With A Little Help From Our Friends

It is with a heavy heart that we announce that ildsjel collective will be closing at the end of this year. As of December 20th we will be closed to the public, and by next spring we will be permanently closed as a venue and a workspace. There are a number of events and workshops still to come next year, so please join us as we celebrate the last few months at ildsjel, and all the great memories we have made here!

Below you’ll find a letter written by one of our co-founders, and the creative spirit behind the ildsjel concept, Dimitri Kanaris:

Rebekka, Dimitri, Peter & Jason, Co-founders of ildsjel

This December marks 3 years since we got the keys to 4 Carlaw Avenue. However, before we even decided to open up a space for the arts & culture community, we were busy running events around the city featuring people who worked in music, film, art, and design, as well as anyone who wanted to celebrate creative talent in Toronto. Our events would feature a bunch of artists performing live music, as many vendor tables as we could fit in a room, and collaborative art projects for the audience!

Seeing this vibrant community come together in a shared space, building an atmosphere of creativity and collaboration, was one of the greatest inspirations of my life so far. The more we hosted these events, the more we realized that this community needed a permanent space, where the sense of creative freedom could continue every single day. So we started the search for a suitable space where we could continue to build ildsjel collective. We were a bunch of friends with different backgrounds and different skill sets, but with a shared vision of creating a space that catered to the unique creative spirit of anyone who wanted to be part of our community.

Now, what would this space actually look like? We toured spaces all over the city looking for the right combination of qualities that would allow us to execute our vision. We had to find a space which could host everything a creative community might need: 

  • An event space for all kinds of productions and shows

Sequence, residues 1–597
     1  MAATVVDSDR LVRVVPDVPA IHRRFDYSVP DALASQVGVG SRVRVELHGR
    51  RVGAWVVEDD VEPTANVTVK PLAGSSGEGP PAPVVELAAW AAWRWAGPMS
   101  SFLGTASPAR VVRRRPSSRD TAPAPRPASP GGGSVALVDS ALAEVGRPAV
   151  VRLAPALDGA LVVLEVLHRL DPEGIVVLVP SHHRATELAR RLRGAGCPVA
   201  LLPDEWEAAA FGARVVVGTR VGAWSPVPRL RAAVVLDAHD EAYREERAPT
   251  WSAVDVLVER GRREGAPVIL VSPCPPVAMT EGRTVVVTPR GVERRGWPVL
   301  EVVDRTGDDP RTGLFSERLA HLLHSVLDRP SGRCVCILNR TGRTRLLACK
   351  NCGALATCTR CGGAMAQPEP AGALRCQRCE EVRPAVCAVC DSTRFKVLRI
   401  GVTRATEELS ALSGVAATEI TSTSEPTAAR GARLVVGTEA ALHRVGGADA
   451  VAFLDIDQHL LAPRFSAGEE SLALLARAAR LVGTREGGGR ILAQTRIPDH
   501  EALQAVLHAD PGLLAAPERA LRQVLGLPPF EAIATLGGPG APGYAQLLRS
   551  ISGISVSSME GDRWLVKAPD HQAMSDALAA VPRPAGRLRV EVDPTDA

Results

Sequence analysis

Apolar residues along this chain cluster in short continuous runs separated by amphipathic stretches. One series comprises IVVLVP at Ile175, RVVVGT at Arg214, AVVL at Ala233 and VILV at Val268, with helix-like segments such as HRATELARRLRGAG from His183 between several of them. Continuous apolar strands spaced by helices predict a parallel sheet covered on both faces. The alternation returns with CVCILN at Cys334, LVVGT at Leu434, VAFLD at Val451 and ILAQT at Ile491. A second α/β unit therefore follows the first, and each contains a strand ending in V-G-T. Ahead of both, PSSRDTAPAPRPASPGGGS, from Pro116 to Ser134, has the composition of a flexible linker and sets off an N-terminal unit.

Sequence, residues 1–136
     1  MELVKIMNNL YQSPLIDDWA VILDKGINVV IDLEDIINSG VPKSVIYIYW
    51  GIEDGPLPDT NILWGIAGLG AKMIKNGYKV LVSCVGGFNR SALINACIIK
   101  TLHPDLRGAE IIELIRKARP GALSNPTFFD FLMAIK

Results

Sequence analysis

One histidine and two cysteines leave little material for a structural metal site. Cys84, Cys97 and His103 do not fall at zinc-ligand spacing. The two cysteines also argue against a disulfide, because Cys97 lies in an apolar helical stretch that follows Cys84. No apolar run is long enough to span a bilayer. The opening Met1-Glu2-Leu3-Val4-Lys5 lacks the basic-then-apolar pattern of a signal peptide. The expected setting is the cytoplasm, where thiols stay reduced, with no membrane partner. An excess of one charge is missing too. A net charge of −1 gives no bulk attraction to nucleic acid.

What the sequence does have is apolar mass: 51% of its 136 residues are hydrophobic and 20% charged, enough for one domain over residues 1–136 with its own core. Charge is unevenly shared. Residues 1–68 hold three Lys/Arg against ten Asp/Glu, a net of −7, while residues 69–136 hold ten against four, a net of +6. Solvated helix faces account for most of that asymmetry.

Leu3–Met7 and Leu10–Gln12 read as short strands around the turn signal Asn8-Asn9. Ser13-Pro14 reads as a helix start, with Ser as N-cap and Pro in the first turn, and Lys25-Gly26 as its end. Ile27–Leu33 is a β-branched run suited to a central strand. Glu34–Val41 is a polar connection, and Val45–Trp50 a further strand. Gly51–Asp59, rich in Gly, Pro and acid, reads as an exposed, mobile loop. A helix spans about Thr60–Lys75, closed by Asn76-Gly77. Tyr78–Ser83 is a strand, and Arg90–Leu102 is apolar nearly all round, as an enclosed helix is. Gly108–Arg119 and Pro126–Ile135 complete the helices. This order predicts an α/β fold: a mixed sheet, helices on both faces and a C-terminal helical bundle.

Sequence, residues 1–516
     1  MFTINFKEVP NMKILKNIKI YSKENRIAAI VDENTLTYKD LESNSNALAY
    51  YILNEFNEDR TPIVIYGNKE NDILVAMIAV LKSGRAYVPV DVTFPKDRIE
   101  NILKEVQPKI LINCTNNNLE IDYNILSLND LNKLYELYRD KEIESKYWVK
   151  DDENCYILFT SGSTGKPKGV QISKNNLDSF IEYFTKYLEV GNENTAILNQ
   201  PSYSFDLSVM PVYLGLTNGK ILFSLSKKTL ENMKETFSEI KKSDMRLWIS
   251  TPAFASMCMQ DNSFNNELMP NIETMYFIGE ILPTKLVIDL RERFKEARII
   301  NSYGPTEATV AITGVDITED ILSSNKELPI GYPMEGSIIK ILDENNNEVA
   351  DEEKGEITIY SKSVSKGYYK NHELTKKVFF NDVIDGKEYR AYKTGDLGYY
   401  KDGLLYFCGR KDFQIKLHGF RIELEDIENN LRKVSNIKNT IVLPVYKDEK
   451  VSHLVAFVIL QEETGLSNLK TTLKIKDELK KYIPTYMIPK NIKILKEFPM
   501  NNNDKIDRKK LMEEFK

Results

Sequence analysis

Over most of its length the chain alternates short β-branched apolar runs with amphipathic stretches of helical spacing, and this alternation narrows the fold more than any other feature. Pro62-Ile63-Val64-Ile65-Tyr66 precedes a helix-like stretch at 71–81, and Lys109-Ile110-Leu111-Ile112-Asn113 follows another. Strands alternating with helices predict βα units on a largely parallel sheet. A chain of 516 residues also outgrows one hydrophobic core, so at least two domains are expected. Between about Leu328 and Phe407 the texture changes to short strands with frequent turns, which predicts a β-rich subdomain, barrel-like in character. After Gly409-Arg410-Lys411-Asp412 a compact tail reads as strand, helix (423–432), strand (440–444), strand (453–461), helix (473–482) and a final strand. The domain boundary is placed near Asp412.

• A recording studio that could house music production, rehearsals, podcasts, and vlogs
  • A makerspace, complete with 3D printers, a laser cutter, a CNC machine, and tool benches where people could take their designs from a napkin sketch to a physical product
  • A flexible, open workspace where people could do anything from working on a laptop to painting, sewing, and crafting
  • A cafe and lounge, where people could meet, connect and ideate, resulting in the collaborative projects we always envisioned taking place at ildsjel

Obviously this was a big undertaking, and finding a space that could accommodate all of these demands while remaining affordable and accessible turned out to be an impossible triangle of demands. However, we eventually settled on an industrial space in the Toronto Port Lands.

When we found our space, the first thing we did was have a sledgehammer party: we invited all of our friends to help knock down some walls and celebrate this new beginning. Every bit of construction we could do ourselves to save money, we did. We made countless trips to Home Depot, learned how to build walls from drywall and insulation, and discovered that not everyone’s painting ability is equal (if you ask me today, I can still tell you which walls were painted by who). We kept working on our budget friendly construction project until one day in May 2017, we got a call from BlogTO wanting to tour the space so they could tell Torontonians that the city just got a brand new “amazing creative space”. We weren’t quite finished but we figured the opportunity was too good to pass up, so we pulled all nighters for a week straight to get ildsjel ready for launch.

In reality, we never stopped building ildsjel. We never sat back and said: “it’s done”. There were always improvements that could be made, and new projects to accommodate. We never said no to anyone with a vision for a project they wanted to accomplish in our space. While that proved to be a flawed business model with astronomical costs, it led to some of the most wonderful experiences that we all worked so hard to make way for.